Reciprocity in Ancient Greece

By Christopher Gill; Norman Postlethwaite et al. | Go to book overview

2
Political Reciprocity in Dark Age Greece: Odysseus and his hetairoi

WALTER DONLAN


I. RECIPROCITY

The rule of reciprocity, that one gives of one's own accord, with the expectation that a suitable return will follow, was a powerful regulator of social behaviour at every stage of Greece's history. The Homeric epics provide our earliest observation of its operation. In Homer's 'world', reciprocity is a very strong cultural value, manifested in a myriad of ways, both friendly and hostile. In this chapter I explore what may properly be called 'political reciprocity' in Homeric society, that is to say, the nature of the relationship between the leaders and the people.

Reciprocity, whether a friendly something-for-something or a hostile 'payback', motivates the social behaviour of both individuals and groups. Among the heroes of the Iliad and Odyssey, which are classic examples of Karl Polanyi's 'embedded economy' ( 1944, 1977), gifts are equated with honour, and many of the dramatic encounters between individual heroes occur in the context of gift transactions. All the leader-people 'dramas' in the poems involve (and frequently revolve around) affirmation or rejection of the customary standards of reciprocity.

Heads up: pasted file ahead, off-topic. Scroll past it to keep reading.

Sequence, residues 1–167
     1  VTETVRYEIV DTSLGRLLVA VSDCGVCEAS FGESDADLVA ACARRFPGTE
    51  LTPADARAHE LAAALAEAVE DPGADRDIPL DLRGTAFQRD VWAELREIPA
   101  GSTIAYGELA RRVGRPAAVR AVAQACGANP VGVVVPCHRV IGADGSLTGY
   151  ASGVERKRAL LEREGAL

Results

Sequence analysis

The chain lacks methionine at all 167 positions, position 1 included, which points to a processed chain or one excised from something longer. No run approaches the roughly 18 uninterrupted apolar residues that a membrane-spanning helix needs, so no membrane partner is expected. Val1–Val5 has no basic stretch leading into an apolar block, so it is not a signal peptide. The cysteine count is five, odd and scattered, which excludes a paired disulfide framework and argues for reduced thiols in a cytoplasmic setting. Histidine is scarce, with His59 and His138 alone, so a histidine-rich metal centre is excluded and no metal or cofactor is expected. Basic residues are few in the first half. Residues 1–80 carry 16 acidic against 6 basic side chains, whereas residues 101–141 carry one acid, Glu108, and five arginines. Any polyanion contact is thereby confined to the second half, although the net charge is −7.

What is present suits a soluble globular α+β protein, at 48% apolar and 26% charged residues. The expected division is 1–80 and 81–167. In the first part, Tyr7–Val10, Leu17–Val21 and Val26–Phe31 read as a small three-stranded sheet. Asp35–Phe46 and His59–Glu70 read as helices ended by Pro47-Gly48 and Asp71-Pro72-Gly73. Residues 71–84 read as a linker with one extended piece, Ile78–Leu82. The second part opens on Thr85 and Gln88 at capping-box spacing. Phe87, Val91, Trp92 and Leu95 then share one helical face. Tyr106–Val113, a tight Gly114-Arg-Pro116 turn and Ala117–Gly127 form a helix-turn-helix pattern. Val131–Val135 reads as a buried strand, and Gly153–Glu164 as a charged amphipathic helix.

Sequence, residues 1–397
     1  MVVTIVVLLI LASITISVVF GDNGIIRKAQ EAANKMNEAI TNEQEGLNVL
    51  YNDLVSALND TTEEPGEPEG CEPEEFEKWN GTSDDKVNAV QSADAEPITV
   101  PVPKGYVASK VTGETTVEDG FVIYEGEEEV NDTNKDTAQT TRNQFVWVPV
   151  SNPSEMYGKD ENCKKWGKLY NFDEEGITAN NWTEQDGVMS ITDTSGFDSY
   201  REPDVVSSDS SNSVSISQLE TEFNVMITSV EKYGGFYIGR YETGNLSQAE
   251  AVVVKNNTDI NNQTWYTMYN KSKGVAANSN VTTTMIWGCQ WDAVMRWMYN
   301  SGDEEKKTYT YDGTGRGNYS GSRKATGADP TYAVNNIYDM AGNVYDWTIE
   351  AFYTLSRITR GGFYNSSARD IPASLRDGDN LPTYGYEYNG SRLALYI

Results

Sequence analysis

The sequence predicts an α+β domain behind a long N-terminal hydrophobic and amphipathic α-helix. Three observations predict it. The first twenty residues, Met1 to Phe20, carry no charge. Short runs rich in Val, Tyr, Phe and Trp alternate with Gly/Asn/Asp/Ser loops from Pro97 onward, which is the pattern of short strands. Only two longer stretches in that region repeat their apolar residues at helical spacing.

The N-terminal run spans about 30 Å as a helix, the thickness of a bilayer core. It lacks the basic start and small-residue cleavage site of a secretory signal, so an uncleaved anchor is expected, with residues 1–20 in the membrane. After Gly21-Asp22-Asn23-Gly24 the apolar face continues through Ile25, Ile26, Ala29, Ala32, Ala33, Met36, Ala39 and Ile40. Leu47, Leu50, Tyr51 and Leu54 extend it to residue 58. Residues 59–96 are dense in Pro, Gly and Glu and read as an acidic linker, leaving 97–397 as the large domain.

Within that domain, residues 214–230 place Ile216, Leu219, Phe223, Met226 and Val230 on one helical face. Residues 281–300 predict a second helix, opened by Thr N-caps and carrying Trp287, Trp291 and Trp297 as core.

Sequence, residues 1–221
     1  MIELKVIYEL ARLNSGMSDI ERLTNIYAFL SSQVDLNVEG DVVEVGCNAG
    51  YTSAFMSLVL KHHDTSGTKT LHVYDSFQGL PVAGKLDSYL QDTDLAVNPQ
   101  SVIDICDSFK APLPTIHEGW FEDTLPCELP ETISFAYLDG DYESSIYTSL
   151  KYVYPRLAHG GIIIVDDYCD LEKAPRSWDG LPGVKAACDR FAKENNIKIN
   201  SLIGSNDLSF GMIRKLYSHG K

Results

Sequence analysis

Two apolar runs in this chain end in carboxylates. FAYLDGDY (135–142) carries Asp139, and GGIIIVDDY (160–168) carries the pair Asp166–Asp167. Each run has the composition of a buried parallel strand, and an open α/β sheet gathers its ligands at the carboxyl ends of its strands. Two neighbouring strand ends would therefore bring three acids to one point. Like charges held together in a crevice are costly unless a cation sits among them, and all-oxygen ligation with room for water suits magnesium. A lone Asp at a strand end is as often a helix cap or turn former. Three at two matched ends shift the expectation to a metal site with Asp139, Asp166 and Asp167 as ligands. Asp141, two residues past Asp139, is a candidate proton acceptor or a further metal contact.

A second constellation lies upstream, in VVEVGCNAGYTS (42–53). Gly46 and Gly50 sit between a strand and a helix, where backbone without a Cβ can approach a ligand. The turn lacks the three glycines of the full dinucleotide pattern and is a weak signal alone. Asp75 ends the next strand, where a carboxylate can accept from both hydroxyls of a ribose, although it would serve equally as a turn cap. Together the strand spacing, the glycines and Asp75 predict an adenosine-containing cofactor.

I have observed ( 1981-2) the occurrence in Homer of Marshall Sahlins's three degrees of reciprocity ( 1972): the altruistic giving of 'generalized reciprocity', giving without obligation to return; 'balanced reciprocity', or quid pro quo; and 'negative reciprocity', taking without returning. It turns out, not surprisingly, that generalized reciprocity is confined to the circle of philoi (close kin and close friends), that negative reciprocity within the dêmos is condemned, and that the ethos of exchange situations inclines towards the middle point of equivalence and balance, what we generally

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